Naseeha — meaning ‘advice’ in Arabic — received about 2,000 calls from Ontario residents in 2017. Overall, there were 18,000 calls made.

That number is projected to double in 2018.

“People can call in and speak to a [Muslim peer counsellor] who they may not know, but may have a better understanding of the background of where they’re coming from culturally and religiously,” said outreach manager Huma Saeedi.

“It’s really important in today’s day and age with youth that are struggling with their identity being Canadian and Muslim,” she said.

Ontario youth are calling for spiritual and psychological help, specifically related to mental health, faith and sexual orientation. In the last year, Saeedi said most callers have been between 21 and 30 years old.”


“It was a discussion in her senior English class that inspired Alysha Mohamed to write her award-winning play, My Hands Were Made For This.

Mohamed’s play, in which she stars and co-directed, received awards at the recent Provincial High School Drama Festival in Red Deer for playwriting, direction, performance, production design, stage management and professional conduct.

Mohamed is in Grade 12 at Foundations for the Future Charter Academy and recalls a discussion in her English class that moved her profoundly.

“I was raised Muslim, my entire family is Muslim and I love my religion deeply, but I have seen how it has been corrupted by extremists. Islam is meant to be such a beautiful religion yet I continue to see how it is corrupted. I want to be a voice that leads people to see the warmer, gentler side of Islam.”“We were talking about how even the most monstrous characters in literature, and in real life, have families and lives that are filled with love. I saw the conflict in Syria as an ideal setting to explore this idea,” says Mohamed, whose family moved to Canada from Kenya when she was just three years old.”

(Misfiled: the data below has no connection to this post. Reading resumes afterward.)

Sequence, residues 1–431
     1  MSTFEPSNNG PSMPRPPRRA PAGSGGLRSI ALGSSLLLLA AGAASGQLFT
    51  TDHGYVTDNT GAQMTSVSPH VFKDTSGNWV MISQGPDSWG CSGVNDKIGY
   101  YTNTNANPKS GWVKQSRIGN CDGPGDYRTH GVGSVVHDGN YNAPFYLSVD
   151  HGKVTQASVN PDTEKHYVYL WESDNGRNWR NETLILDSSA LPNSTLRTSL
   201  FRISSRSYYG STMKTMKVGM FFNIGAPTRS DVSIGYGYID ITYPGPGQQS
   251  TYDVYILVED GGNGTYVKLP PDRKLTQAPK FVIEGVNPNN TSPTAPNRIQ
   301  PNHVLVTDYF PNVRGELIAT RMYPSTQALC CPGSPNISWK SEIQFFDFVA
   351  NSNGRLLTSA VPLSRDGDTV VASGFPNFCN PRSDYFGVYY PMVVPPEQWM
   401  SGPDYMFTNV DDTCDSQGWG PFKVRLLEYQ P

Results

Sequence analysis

William A. Macdonald is a corporate lawyer-turned-consultant with a long history of public service and social engagement.

In his Charles R. Bronfman lecture in 2000, Ken Dryden, the great Canadiens goaltender, compared national games in the United States and Canada. Football, he said, (more so than baseball) requires central control – the opposite of hockey. In hockey, once the puck is dropped, there is chaos. The only choice players have is to do what it takes. The example of Canada’s game has helped to shape Canada.

The Canadian story has always been different from the American – one of evolution, not revolution; persuasion rather than force; and compromise over winning. Its initial English and French connections were gradually weakened, not ruptured. In contrast, the United States was formed and preserved by force. Both the American break from Britain in 1775-83 and the split between North and South in 1861-65 were sudden and violent. Canadian history, in contrast, has always been more political than military.

Since Canada began as a nation – Quebec in 1608 and then Confederation in 1867 – it has had three big achievements. First, despite its difficult geography and challenging history, with its French/English split and proximity to the United States, it has survived, not just as a nation but with one province, Quebec, distinctive in language and religion. Second, Canada has consolidated its territory from the Atlantic to the Pacific and north to the Arctic. Finally, despite divisions of nationality, culture, language, religion and class, it has developed a political and socio-cultural outlook that works. Its one big failure has been with the Indigenous people, although that is now beginning to be addressed.”


Scott Douglas Jacobsen founded In-Sight Publishing and In-Sight: Independent Interview-Based Journal.